The United Nations Convention on the Law of the Sea defines an archipelagic state as an island country that consists of an archipelago. The Bahamas, Fiji, Indonesia, Papua New Guinea, and the Philippines are the five original sovereign states that obtained UNCLOS approval. Currently, the list of countries that qualified as archipelagic states has expanded to 22, and China is not one of them.
One of the benefits of archipelagic status is that the waters between islands are considered internal waters. Other countries have no right to transit these waters without permission. This archipelagic status is conferred through the United Nations, and only 22 nations claim it. And China is not one of them.
In an article published by the Lowy Institute—How China is bending the rules in the South China Sea—Oriana Skylar Mastro said that China flagrantly violates international law, but it does so while simultaneously creating a veneer of legal legitimacy for its position.
“While China has not been specific about the extent of its claims, it uses a ‘nine-dash line’ which ‘swoops down past Vietnam and the Philippines, and towards Indonesia, encompassing virtually all of the South China Sea,’ to delineate its claims. On the surface, it appears that Chinese leaders are relying on a historical argument to buttress their claims—China traces its interaction with the South China Sea back to the Western Han Dynasty. Thus, Beijing’s narrative about its claims begins as early as the 2nd century BCE, when Chinese people sailed in the South China Sea and discovered some of the region’s land features,” Mastro said.
However, the UN Convention for the Law of the Sea does not grant signatories the right to make claims based on historical legacy, and the concept of “historic claims” has no basis in international law.
“But this is not actually how China lays claim to 90 percent of the South China Sea. China’s abuse and misapplication of international law is a bit more complex. There are levels that build on one another,” Mastro said.
“First, China claims it has the same rights as archipelagic states. Then it drew straight baselines around the Paracel Islands and claimed the waters between the islands to be internal waters. Beijing has not done this explicitly for the Spratly islands area, but its reaction to the activities of other countries suggests that is its interpretation. China then claims a 12-nautical-mile territorial sea from the Paracel baseline, not from the individual islands, and in the Spratlys from many features that under international law are not awarded this right, such as artificial islands. Moreover, China’s interpretation of the territorial sea is that the state has the exclusive right to make, apply and execute its own laws in that space without foreign interference.”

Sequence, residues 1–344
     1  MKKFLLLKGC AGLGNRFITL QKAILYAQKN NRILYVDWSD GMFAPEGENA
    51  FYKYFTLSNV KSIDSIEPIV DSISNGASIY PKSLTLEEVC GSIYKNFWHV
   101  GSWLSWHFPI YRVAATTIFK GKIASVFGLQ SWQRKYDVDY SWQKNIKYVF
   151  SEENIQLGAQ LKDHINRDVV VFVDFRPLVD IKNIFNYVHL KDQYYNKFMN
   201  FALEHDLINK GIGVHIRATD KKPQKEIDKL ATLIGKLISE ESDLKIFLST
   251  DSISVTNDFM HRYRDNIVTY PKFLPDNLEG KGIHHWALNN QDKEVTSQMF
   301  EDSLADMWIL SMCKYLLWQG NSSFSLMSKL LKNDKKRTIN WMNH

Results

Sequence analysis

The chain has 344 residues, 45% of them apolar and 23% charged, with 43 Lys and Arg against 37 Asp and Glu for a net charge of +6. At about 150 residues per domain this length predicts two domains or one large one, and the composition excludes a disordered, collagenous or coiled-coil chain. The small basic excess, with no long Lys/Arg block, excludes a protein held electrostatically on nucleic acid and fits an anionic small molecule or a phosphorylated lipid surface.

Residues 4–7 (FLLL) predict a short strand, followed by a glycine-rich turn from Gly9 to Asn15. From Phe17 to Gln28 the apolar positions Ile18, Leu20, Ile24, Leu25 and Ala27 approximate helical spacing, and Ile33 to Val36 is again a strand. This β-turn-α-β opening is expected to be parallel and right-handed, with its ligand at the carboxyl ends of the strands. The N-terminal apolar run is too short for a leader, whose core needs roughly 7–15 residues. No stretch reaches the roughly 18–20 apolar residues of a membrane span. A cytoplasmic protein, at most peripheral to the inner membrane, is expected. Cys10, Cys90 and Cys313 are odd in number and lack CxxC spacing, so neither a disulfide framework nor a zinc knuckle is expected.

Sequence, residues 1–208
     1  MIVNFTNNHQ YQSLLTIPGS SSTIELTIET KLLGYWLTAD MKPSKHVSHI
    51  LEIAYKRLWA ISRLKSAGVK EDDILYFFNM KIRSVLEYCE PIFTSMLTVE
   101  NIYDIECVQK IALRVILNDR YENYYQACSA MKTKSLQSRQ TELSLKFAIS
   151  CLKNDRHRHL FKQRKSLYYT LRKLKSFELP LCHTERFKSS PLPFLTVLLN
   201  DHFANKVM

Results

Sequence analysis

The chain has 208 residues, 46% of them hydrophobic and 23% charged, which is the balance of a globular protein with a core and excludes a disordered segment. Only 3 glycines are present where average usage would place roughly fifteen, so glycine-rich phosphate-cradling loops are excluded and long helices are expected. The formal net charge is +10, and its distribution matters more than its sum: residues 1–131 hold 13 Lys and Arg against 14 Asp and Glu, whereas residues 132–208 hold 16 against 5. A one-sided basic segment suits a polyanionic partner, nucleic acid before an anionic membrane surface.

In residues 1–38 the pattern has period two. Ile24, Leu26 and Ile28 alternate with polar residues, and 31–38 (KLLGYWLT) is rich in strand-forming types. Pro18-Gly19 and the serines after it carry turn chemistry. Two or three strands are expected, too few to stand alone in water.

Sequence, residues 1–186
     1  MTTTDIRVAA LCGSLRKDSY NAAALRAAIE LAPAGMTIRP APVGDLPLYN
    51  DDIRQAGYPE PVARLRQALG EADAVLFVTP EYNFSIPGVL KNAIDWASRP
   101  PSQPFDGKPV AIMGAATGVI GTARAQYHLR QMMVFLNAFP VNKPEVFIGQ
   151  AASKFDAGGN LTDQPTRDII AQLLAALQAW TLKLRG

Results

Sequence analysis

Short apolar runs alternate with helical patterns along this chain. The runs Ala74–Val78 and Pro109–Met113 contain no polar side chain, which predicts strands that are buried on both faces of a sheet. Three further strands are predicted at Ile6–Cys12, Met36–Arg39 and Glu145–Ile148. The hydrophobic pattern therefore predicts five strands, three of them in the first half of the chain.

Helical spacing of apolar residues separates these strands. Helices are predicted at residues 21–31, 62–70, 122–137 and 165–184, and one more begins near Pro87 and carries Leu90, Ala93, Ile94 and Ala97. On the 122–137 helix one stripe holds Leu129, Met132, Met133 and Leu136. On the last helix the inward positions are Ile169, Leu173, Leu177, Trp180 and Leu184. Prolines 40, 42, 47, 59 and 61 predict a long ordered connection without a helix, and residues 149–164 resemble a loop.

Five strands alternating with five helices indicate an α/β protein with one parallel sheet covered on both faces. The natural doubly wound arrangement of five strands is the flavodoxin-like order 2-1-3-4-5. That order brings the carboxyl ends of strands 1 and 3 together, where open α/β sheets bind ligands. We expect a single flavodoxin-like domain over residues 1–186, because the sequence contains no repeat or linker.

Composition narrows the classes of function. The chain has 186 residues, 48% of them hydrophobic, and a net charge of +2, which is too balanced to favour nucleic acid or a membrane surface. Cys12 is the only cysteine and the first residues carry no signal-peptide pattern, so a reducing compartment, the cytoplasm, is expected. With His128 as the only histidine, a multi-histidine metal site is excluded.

But UNCLOS says that all ships, civilian or military, enjoy the right of innocent passage through other states’ territorial seas. Moreover, the contiguous zone is considered part of international waters, and states do not have the right to limit navigation or exercise any control for security purposes.
Lastly, China claims 200 nautical miles from the end of the territorial sea as its exclusive economic zone, where it claims to have the right to regulate military activity. The US insists that freedom of navigation of military vessels is a universally established and accepted practice enshrined in international law—in other words, states do not have the right to limit navigation or exercise any control for security purposes in EEZs.
Through these three positions alone on internal waters, territorial seas and EEZs, China lays claim to approximately 80 percent of the South China Sea. Then China uses the nine-dash line to cover the remaining territory and provide redundancy by claiming “historic waters,” a view that has no basis in international law.
Mastro said Washington’s ongoing refusal to ratify UNCLOS undermines the general effectiveness of pushing back against Beijing with legal tools of statecraft. “Additionally, Washington squandered an opportunity to support the Philippines in enforcing the international legal tribunal’s 2016 ruling in its favor, further reducing the attractiveness for other claimants to challenge Beijing on legal grounds.”
By ordering a special operation to dismantle the floating barrier that China installed at the Scarborough Shoal, President Marcos sent a strong signal to Beijing that henceforth, he will push back against China’s aggression. That he is prepared to stop China’s misapplication of international law in Philippine waters and exclusive economic zone to protect Philippine territories from Chinese encroachment.
It would do well for the Marcos administration to use all the tools of statecraft at its disposal to defend our territorial integrity and protect Philippine sovereignty.